Google proposes a JavaScript replacement: Dart

By Kshitij Sobti Published Date
11 - Oct - 2011
| Last Updated
11 - Oct - 2011
Google proposes a JavaScript replacement: Dart

JavaScript is a language that owes its popularity to the fact that it is the one and only standard web scripting language that is supported in each and every browser. As web applications are becoming increasingly complicated, JavaScript's weaknesses are becoming ever more relevant.

There are already efforts to use alternative languages on the web. For example, Google's own GWT allows one to develop web code using Java, which is then compiled to JavaScript to be run in a browser. Another language haXe can also be used to write web code that will eventually be converted to JavaScript to run in the browser. Finally CoffeeScript too compiles directly to JavaScript, while adding numerous features and a cleaner syntax.

Now Google has done the same with a brand new language they call Dart. Dart has the following design goals:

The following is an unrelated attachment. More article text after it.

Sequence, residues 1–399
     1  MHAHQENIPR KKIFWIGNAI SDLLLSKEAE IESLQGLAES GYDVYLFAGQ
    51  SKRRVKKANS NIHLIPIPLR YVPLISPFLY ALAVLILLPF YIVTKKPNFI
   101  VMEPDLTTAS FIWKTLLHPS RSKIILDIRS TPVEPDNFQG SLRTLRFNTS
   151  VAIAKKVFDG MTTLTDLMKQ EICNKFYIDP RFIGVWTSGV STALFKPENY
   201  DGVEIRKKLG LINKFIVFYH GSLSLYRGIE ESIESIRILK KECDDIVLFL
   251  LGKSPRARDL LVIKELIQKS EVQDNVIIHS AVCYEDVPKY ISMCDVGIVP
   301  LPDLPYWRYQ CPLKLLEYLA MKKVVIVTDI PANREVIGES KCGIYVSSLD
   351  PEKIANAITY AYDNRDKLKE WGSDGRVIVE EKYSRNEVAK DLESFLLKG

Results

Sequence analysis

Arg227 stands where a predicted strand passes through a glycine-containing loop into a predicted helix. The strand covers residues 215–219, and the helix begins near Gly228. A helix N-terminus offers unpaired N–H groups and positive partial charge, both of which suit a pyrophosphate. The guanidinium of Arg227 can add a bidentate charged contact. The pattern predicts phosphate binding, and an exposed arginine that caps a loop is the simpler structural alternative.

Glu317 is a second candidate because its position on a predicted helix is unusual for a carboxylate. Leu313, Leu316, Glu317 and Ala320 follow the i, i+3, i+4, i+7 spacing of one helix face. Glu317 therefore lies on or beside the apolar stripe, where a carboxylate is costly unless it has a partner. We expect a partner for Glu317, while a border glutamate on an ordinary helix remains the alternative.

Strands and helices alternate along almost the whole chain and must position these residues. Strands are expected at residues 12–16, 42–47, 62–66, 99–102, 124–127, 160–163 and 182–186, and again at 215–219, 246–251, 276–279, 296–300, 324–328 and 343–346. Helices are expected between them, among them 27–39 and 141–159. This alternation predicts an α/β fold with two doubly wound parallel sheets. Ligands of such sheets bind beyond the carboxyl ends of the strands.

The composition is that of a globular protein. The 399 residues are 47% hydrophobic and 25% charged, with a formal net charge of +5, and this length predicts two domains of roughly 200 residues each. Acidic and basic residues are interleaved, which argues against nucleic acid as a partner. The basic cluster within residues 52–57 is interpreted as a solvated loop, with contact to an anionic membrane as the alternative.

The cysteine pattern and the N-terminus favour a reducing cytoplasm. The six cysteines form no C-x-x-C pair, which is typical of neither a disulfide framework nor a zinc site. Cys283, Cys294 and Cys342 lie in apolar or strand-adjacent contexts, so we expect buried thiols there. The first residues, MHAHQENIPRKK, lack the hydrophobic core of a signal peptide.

• Create a structured yet flexible language for web programming.
  • Make Dart feel familiar and natural to programmers and thus easy to learn.
  • Ensure that Dart delivers high performance on all modern web browsers and environments ranging from small handheld devices to server-side execution.

Code written in Dart can be compiled to JavaScript, similar to the other languages mentioned above, however the more important thing here is that Dart can run in its own VM like JavaScript and become a full-fledged member of the web. This is not to say that CoffeeScript or haXe couldn't do the same just that with Google behind it, the likeliness of Google Chrome shipping with a Dart VM that allows web applications written in HTML CSS Dart is a lot higher.

You can find out more about Dart from its new home here, where you can see samples of the language, learn tis syntax and even run it straight in the browser. With the option of compiling Dart to JavaScript, and the possibility of native support in browsers (or at least in Google Chrome) it seems like a safe bet for web developers.